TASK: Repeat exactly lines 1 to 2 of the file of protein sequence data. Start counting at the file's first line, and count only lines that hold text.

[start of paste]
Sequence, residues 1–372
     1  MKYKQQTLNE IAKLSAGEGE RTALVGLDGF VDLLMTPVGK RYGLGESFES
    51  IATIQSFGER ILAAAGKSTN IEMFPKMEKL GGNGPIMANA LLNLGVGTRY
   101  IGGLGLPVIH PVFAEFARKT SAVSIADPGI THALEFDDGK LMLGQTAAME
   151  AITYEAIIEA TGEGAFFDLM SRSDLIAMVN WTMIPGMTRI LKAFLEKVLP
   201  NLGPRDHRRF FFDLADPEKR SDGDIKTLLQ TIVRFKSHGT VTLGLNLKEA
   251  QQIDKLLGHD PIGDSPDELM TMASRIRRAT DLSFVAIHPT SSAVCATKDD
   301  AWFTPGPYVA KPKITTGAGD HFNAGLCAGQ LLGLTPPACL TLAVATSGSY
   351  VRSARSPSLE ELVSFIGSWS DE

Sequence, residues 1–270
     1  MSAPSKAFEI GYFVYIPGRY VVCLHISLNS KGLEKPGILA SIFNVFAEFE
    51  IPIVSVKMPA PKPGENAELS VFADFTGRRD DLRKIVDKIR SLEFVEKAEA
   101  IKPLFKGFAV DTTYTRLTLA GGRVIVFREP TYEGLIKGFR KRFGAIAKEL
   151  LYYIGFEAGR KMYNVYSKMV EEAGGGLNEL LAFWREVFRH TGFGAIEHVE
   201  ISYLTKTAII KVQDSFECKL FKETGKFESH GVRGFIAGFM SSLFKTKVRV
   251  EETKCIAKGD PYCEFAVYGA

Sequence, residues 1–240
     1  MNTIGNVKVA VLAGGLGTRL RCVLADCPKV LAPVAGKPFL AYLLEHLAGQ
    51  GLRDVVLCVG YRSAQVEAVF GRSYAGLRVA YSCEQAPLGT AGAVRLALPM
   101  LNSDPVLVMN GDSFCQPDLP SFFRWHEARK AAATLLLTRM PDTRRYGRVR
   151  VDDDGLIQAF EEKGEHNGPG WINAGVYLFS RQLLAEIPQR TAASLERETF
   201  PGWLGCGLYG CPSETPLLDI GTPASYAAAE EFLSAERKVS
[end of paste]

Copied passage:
Sequence, residues 1–372
     1  MKYKQQTLNE IAKLSAGEGE RTALVGLDGF VDLLMTPVGK RYGLGESFES